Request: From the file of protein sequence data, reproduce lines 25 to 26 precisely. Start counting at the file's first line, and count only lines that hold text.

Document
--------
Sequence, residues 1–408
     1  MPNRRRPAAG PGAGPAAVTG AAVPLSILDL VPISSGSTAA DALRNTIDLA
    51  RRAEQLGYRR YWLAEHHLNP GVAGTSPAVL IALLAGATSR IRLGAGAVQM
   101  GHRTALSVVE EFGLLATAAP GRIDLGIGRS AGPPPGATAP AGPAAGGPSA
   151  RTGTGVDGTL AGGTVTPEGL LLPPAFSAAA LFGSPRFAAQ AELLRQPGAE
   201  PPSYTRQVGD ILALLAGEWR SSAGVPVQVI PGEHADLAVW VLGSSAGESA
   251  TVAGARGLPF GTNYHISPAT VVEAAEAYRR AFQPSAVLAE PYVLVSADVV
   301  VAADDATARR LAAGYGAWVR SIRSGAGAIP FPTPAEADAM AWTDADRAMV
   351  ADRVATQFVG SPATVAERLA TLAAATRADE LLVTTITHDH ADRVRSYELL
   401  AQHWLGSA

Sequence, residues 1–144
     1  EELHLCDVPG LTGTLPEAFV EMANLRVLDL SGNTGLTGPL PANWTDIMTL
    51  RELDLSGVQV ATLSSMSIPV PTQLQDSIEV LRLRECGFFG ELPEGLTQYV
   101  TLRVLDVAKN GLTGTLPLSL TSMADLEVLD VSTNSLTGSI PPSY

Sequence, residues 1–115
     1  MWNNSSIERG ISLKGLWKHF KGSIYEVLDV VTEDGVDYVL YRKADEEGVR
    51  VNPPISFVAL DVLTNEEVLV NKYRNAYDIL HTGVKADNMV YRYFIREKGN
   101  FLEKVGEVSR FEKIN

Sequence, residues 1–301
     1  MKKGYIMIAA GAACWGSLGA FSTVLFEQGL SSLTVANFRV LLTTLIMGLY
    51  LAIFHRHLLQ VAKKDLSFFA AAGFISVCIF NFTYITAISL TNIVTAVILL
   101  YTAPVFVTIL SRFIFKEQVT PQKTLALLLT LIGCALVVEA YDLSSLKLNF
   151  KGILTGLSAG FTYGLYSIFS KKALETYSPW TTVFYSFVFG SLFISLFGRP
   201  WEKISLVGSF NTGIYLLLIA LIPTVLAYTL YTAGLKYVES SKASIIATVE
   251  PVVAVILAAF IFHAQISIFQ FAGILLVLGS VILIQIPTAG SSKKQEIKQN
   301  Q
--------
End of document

   251  PVVAVILAAF IFHAQISIFQ FAGILLVLGS VILIQIPTAG SSKKQEIKQN
   301  Q